Figure 10: Students’ evaluations of full-format problem-based learning

Team dynamics

(1) ‘Everybody was willing to put in a lot of effort and wanted to do well in the set tasks. At the beginning we established a routine of how to do the tasks and it worked very smoothly every week.’

(2) ‘Everyone pulled their weight. If people were going to be absent, they let the other team members know and prepared their work in advance.’

(3) ‘Everyone was motivated to get as much information as they could for the group. Nobody wanted to let the team down. ‘

(4) ‘Everyone in the group participated and each did their part. We all learnt from each other as everyone submitted different ideas and information, and so we were able to cover a lot of ground in each topic.’

(5) ‘There was a relaxed attitude, so people felt they could speak out and give an opinion. Everyone was willing to research as none of us knew anything about the topic.’

(6) ‘Everyone worked very well together, it proved an enjoyable experience for everyone involved.’

(7) ‘Group members could rely on each other and were prepared to meet outside class times to get things done well.’

(8) ‘Everyone shared information. There was a high degree of trust.’

(9) ‘Everyone exchanged contact numbers and so we had support if needed.’

Coping with free-riders

(10) ‘I don’t feel that we had any free-riders. We did have teething problems initially, but we discussed them as a group and were able to improve the way we worked as a team.’

(11) ‘We confronted the person involved to try and understand and discover what problems he was facing.’

(12) ‘They were confronted and asked to explain themselves. The situation was resolved by listening to their problems and then helping them to overcome these problems.’

(13) ‘We didn’t have any free-riders.’ [This was the response of 92 per cent of PBL students.]

The benefits of PBL

(14) ‘It gave me a chance to meet new people. Also to see how different people take different approaches to the one question.’

(15) ‘Confidence, shared information, different opinions.’

(16) ‘I learnt where to find various sources of information. I also learnt how to participate in a group and work within a team.’

(17) ‘The information gathered was up-to-date. It was easier to digest and remember information obtained this way as opposed to reading lecture notes. The group was able to cover a wider scope when looking for information than one person working alone.’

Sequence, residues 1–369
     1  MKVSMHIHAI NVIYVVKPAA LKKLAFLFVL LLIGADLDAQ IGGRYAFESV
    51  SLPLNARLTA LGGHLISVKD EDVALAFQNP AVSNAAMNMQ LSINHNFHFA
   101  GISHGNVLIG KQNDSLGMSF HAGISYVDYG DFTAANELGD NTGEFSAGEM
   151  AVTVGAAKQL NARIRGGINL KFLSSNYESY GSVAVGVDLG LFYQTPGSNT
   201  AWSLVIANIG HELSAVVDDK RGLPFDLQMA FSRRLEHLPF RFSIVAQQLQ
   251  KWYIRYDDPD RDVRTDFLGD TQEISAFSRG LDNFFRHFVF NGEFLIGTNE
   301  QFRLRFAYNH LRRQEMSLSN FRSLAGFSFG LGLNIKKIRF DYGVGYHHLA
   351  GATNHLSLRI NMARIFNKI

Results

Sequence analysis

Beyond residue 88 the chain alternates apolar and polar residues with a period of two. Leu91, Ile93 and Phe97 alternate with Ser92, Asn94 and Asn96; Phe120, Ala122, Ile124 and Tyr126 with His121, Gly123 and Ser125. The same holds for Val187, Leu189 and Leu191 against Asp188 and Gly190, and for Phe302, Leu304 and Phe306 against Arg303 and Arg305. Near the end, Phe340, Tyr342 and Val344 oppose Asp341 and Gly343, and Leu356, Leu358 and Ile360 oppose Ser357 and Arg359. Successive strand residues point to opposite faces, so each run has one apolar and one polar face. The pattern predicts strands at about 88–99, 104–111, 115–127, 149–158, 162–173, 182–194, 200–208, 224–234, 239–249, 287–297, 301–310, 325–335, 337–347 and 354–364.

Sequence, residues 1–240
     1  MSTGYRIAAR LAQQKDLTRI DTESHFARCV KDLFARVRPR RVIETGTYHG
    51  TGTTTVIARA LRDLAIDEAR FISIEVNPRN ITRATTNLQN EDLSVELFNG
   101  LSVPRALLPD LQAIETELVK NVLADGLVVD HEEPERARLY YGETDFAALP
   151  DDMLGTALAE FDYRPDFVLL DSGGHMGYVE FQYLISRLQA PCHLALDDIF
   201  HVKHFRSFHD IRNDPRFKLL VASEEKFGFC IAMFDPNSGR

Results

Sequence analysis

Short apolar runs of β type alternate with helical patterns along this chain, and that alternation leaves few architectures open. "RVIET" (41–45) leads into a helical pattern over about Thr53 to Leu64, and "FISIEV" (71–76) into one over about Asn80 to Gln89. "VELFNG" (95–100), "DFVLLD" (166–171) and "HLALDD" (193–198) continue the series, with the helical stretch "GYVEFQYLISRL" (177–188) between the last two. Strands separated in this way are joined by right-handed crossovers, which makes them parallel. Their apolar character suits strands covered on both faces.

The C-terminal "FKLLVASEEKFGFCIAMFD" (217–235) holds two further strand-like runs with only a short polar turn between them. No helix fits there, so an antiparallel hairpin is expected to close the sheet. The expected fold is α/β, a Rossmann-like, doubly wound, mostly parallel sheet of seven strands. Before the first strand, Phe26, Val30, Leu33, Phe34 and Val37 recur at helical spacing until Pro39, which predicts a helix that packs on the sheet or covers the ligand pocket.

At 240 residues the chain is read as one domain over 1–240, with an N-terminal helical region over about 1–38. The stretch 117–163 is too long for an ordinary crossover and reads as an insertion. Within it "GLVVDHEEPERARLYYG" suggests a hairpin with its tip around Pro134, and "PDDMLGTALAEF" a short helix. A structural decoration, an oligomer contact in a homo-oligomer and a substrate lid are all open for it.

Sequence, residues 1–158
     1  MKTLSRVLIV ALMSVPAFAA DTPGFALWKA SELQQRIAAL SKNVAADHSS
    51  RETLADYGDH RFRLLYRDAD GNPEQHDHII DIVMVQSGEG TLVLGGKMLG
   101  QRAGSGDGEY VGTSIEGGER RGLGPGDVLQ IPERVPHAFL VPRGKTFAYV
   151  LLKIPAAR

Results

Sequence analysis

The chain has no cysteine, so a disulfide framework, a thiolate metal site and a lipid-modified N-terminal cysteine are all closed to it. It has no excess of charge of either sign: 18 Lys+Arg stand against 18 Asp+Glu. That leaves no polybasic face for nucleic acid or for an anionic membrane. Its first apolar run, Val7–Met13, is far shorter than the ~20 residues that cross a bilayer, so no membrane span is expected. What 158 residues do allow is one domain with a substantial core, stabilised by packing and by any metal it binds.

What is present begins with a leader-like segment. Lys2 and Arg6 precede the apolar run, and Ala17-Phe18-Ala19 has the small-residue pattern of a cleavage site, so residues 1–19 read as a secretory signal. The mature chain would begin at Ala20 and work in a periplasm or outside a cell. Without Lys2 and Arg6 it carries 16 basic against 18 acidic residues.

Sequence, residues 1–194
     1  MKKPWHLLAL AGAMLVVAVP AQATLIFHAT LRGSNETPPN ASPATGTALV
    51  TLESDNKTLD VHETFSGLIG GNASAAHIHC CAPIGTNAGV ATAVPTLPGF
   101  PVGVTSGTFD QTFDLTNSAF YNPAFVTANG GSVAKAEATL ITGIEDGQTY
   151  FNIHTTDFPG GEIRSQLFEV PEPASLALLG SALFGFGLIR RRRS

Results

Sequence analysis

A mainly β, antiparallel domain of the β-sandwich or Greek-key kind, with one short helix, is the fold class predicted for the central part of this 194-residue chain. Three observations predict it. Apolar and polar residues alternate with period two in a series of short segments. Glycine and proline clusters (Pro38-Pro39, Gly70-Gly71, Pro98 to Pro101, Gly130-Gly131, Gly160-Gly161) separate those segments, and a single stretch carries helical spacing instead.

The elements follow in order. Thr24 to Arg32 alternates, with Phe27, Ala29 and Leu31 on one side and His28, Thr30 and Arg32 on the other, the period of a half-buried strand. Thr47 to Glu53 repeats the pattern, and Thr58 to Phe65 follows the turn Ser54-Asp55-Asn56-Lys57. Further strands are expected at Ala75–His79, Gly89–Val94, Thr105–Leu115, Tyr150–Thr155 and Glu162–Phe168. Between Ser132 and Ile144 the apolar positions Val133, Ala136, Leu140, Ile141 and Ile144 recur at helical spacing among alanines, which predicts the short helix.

(18) ‘Better than sitting in a lecture. We learnt more because we had to find the information ourselves. We also became much more aware of information sources.’

(19) ‘Each team member had different skills to bring to task discussions and I picked up very valuable information from each of them.’

(20) ‘Merging individual views into a joint document was an excellent learning process.’

(21) ‘The problem-solving skills I developed on this module will help me study my other modules next semester.’

(22) ‘I learnt more about the subject researching it myself rather than being lectured.’

(23) ‘Apart from the social aspect of meeting new people and having a bit of “craic”, it was a very valuable experience working in the group. I am a quiet person and group work made me provide an input to team effect.’

(24) ‘I was shown by another group member how to access journals etc. and I experienced a wide range of skills.’

(25) ‘It gave me experience in researching data sources. This was an area in which I had little experience. It also helped me develop a professional approach to tasks.’

(26) ‘Given a lot of responsibility – introduced me to independent learning.’

(27) ‘Group morale was high. Knowledge gained was more extensive and better than lectures.’

(28) ‘The fact that the majority of people did the work meant it was easier to learn the material.’

(29) ‘It benefited my organisational and interpersonal skills. Also my diplomacy was tested with certain members of the group.’

(30) ‘It forced us to do the research ourselves.’

What skills do you believe you developed?

(31) ‘Research methods, communication skills, leadership, selection of quality data from a vast range of data.’

(32) ‘The ability to select relevant data and dispose of rest.’

(33) ‘Communication, reporting, negotiation, data selection, leadership.’

(34) ‘Team working, research methods. I also gained self-confidence with this method.’

(35) ‘Time management, meeting deadlines, interpersonal skills.’

(36) ‘Delegating, researching, organising and summarising issues (through the written response part of the set task).’

(37) ‘More in-depth research skills and applying data and economic models to real-world situations.’

(38) ‘I feel that this method of teaching developed my problem-solving skills.’

Negative aspects – not all students like active learning! Also, some students who enjoyed the PBL experience overall had reservations with certain aspects.

(39) ‘It put us under a lot of pressure to complete the work on time. I did not enjoy it at all.’

(40) ‘Meeting outside of scheduled classes.’

(41) ‘Too much hard work every week – the pressure did not subside.’

(42) ‘You had to depend on others for vital information, and you have to trust their input to the process.’

(43) ‘I would have preferred more lecture-based teaching.’

(44) ‘On occasions we all wanted to be leader which led to confusion.’

(45) ‘It was quite time consuming. I spent a lot of extra time researching and meeting up with other members of the group outside of class hours.’